When you imagine Arizona, you might think of the vast deserts, hot weather, or towering cacti. Did you know there are a handful of rivers throughout the state? These spots make perfect destinations for whitewater rafting in Arizona.
Whether you’re an expert paddler who’s ready for class V rapids or you’ve never stepped foot onto a raft before, check out these options. This is a surefire way to beat the heat of the Grand Canyon State.
Rivers in Arizona For Whitewater Rafting
1. Colorado River
A whitewater rafting and backpacking adventure unlike any other could be had by traveling down the Colorado River via Grand Canyon National Park. Along the canyon’s corridor, visitors can witness towering rock faces, cool, lush caves, exhilarating rapids, and vast beaches of sand as experts discuss the region’s natural and cultural past.
White water rapids on the Colorado River are classified from one to 10. As you can guess, class 10 rapids are the hardest, most dangerous, and thrilling runnable rapids. Every day is unique and packed with activities, including trips to hidden side canyons, waterfalls, and the ruins of long-gone native settlements that still include ceramics.
Camp close to the Colorado River beneath the gorge’s walls and witness a sky full of stars! The Colorado River is the most popular place for whitewater rafting in Arizona. There are numerous outfitters to choose from and they offer a myriad of trip choices.
2. Salt River
Consider taking a Salt River rafting excursion to see the beautiful 2,000-foot-deep Salt River Canyon’s amazing landscape. Outfitters in Arizona offer excursion selections for all types of paddlers. Whether you’re visiting Arizona or just looking to get away for the day.
Select from family-friendly Class II and III rafting excursions or challenging Class IV backcountry expeditions. Raft tours can last from just one day to five days and are perfect for teams, families, and seasoned or amateur whitewater rafters alike.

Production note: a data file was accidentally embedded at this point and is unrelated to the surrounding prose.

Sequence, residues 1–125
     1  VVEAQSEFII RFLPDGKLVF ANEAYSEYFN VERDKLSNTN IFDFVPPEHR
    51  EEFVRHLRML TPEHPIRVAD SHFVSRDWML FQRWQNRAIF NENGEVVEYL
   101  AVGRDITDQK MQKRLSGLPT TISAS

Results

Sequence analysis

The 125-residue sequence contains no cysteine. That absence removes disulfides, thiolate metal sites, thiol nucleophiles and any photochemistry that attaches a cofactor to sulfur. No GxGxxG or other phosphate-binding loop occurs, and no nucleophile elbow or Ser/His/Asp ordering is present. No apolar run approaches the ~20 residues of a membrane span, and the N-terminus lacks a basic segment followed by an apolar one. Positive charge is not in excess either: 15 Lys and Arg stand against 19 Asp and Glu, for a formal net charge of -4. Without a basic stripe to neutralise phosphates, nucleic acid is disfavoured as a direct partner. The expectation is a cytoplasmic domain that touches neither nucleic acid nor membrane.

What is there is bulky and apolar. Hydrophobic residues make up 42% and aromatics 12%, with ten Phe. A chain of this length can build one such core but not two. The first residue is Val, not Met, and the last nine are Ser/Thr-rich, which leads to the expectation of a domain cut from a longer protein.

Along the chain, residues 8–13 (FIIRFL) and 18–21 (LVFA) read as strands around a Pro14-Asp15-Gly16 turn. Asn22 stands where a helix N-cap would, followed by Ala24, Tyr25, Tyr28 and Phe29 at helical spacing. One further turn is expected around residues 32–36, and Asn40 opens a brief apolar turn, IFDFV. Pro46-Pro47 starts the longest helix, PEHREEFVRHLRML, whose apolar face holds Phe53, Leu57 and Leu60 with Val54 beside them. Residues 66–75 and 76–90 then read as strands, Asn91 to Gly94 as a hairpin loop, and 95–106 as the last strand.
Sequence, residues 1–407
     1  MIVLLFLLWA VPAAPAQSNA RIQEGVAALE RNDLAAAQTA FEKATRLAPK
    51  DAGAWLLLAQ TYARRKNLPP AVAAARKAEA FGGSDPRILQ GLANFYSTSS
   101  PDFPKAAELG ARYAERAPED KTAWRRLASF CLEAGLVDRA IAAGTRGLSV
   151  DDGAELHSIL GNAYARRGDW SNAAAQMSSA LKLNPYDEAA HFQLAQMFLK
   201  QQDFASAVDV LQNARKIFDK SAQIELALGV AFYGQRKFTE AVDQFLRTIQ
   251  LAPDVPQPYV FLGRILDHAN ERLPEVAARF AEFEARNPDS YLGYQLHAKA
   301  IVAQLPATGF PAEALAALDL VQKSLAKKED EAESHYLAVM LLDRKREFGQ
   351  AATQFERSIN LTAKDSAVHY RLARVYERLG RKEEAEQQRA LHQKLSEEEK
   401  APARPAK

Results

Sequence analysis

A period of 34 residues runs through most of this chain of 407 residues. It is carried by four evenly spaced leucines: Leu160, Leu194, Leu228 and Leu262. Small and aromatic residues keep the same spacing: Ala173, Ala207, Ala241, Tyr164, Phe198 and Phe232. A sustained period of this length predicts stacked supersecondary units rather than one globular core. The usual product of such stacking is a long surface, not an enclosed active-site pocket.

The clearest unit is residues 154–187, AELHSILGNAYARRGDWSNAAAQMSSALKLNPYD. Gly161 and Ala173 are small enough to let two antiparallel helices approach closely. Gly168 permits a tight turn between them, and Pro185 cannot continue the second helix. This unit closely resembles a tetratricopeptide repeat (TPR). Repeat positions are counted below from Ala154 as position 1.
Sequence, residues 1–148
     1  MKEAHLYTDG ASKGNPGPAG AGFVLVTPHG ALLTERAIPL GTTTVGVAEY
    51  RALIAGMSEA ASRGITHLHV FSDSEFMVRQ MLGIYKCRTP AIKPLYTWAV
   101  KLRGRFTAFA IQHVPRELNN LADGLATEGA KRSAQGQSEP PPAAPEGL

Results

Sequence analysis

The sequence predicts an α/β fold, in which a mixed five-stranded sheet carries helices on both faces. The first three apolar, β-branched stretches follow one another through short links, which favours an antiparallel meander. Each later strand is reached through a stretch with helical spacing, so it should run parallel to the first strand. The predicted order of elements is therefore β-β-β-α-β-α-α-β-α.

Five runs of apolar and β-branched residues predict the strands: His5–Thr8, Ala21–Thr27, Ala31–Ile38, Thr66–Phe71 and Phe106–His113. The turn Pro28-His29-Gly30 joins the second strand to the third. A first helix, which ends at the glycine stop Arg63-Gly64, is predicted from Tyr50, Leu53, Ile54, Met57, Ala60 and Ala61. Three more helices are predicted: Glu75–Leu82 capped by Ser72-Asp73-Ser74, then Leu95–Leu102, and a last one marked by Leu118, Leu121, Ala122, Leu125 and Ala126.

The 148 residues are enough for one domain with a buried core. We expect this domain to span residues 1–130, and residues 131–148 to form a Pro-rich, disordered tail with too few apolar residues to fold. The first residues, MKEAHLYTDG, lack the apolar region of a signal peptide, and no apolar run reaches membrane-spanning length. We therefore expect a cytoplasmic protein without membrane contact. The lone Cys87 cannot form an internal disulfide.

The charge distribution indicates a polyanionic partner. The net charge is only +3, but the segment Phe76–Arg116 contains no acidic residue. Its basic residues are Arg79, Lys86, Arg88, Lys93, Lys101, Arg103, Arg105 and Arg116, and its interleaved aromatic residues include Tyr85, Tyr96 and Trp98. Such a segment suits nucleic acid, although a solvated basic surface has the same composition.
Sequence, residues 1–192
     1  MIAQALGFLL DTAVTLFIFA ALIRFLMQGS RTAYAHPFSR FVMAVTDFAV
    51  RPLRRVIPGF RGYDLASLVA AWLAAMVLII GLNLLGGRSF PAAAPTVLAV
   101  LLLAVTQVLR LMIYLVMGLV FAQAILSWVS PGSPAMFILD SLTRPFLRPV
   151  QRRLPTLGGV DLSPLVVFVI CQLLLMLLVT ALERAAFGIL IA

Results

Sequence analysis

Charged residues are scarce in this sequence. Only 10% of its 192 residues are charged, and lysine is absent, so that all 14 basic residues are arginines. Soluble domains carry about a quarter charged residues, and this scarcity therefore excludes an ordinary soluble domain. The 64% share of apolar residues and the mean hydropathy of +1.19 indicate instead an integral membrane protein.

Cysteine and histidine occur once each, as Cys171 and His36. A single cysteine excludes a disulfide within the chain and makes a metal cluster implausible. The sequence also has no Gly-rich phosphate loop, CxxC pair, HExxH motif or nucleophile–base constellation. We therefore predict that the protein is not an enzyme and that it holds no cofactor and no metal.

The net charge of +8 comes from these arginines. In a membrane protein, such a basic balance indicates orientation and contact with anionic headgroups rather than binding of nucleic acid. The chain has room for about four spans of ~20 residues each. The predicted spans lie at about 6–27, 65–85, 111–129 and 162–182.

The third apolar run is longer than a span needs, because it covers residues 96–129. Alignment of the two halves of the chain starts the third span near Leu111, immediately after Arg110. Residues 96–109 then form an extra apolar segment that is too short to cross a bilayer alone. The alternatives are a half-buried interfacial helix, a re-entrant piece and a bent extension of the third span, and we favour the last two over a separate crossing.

One reason the Salt River is a great choice is its location. It’s the closest river for rafting for people near Phoenix and Tucson. The Salt River flows through steep, remote gorges for more than 50 miles, dropping 25 feet every mile on average.
As it descends, it passes through oak and juniper forests and into the breathtaking Lower Sonoran Desert, which is home to a variety of plants, including the enormous multi-armed saguaro cactus.
Several side valleys have oasis-like microhabitats that offer a verdant contrast to the surrounding prickly cacti. There are many fantastic, picturesque riverbank campsites that can only be reached by raft.
3. Virgin River
People travel here because of Arizona’s picturesque landscape and the dazzling sunshine on The Virgin River make for an excellent rafting spot There are campgrounds close by for those of you outdoor enthusiasts.
Why not bring your sleeping bag along because this portion has adequate mileage for an extended stay? Arizona has many whitewater paddling and rafting locations, however, they are often more difficult than a typical river in the country.
Many individuals come here to exercise their paddling muscles and enjoy spending time in nature. There is only one paddling part along the Virgin River, in the gorge. If you make arrangements in advance, you’ll be able to stay at one of the neighboring hotels, which are a little ways from the river.
Throughout high flow intervals, which often happen close to the beginning of May, there are a few miles of Class III to IV whitewater that can become Class V and higher on the biggest drops.
4. Gila River
Although there aren’t often huge flows, the Gila River is an important watercourse for Arizona. This reach typically operates year-round dependent on local rainfall. The ideal time to raft on the Gila River in Arizona is throughout springtime.
The Gila, like the majority of Arizona’s waterways, is mostly arid and gravelly with a lot of small and big stones at the bottom of the river. Thankfully, the portion of the river that’s in Arizona is navigable.
There are class II and III rapids that can have quite a strong current if there has been a lot of rain. One area that can be extremely risky is the Solomon Diversion Dam. It has several man-made and natural obstacles.
This includes a two-inch rebar, fast currents, and other threats.
5. Black River
In Greenlee County’s Apache Sitgreaves National Forest, the Black River emerges from Big Lake and runs east. The Black River travels around 90 miles in total. It starts directly west of the Arizona-New Mexico state border.
The Black River provides extremely difficult Class II to IV whitewater, including a few Class V rapids. There are drops in high-water conditions, for a brief period of time in the springtime in years when the nearby mountains see an extensive winter snowpack.
Due to its possible difficulties and extremely remote setting, this river is not suggested for novice whitewater paddlers.
Summary of Rivers in Arizona For Whitewater Rafting
The photo featured at the top of this post is © Digital Vision./Photodisc via Getty Images
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